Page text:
- Damage to the liver and to the heart can occur due to thermal damage.
- There may be swelling within the brain and infarctions that cause further brain damage.
- Clotting deficits may occur, leading to bleeding abnormalities.
Treatment for heat stroke will vary depending on the condition of the animal, but intravenous fluid support is usually necessary.
Blood transfusions may be required. Oxygen therapy may be necessary for animals suffering respiratory depression. Cerebral swelling (swelling within the brain) may require specialized medications, such as mannitol to reduce the swelling. Antibiotics may be necessary if there has been damage to the gastrointestinal tract to combat sepsis caused by bacterial translocation. Other therapies may be required.
Severely affected may not survive despite best attempts at resuscitation.
Preventing Heat Stroke in Dogs
In most cases, heat stroke is preventable by taking some simple precautions.
- Do not leave animals caged, tied or otherwise confined outside without adequate shade and water. At very high temperature, animals should be moved indoors rather than being kept outside for prolonged periods of time.
- Do not leave animals in closed compartments exposed to the sun, such as a closed car.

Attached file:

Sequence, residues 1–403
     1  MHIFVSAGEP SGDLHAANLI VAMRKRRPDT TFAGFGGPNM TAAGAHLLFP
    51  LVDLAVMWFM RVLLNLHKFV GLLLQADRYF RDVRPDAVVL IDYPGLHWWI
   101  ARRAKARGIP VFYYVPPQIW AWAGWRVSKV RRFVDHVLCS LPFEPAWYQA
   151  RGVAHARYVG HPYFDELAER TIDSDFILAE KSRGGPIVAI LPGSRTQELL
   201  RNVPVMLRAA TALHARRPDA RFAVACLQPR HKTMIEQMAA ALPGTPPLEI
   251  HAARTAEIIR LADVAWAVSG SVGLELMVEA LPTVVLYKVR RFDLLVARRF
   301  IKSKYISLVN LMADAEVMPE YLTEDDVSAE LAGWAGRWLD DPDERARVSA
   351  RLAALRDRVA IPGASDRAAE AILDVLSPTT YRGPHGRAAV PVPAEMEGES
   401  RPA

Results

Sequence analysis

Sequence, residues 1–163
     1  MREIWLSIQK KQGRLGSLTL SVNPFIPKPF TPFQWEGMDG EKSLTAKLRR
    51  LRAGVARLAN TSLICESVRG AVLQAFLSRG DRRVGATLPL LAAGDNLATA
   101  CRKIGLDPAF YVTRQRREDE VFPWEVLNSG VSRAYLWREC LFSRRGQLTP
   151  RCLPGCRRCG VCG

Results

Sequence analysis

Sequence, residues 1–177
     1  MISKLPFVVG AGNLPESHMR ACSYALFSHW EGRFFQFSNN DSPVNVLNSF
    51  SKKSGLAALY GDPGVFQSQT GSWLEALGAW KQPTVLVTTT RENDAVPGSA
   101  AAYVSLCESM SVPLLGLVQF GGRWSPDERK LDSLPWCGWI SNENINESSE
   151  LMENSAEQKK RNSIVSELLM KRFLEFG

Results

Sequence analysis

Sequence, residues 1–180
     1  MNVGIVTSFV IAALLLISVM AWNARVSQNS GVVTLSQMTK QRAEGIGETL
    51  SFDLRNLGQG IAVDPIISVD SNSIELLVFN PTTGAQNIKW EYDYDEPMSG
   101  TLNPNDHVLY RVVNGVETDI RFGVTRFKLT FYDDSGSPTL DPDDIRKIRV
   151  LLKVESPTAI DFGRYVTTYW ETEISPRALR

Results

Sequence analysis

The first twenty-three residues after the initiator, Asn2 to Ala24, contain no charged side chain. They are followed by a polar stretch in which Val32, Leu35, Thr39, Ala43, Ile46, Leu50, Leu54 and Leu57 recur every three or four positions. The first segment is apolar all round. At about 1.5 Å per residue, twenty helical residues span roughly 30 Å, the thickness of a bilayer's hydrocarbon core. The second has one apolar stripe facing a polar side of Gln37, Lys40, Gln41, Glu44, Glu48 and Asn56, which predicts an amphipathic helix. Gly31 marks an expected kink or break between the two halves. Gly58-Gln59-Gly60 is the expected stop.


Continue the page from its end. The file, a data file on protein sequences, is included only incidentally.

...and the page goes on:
- Increased caution should be used with animals that are obese, have respiratory difficulties, are geriatric or are otherwise unhealthy.
- Be aware that some animals will lie in a sunny window long enough to become subject to heat stroke. Restrict access to these areas if necessary by closing blinds or draperies.
- Provide adequate water for animals that are performing strenuous exercises in warm temperatures. Be aware that animals performing arduous physical activities require more water, sometimes as much as twice the amount or more, than animals at rest.
Currently, she is the feature writer for the Pet Care section at Suite101.com and the National Pet Health Examiner at Examiner.com. Lorie also publishes her own blog, The Pet Health Care Gazette and manages an increasingly popular facebook page, The Voice of Pet Care.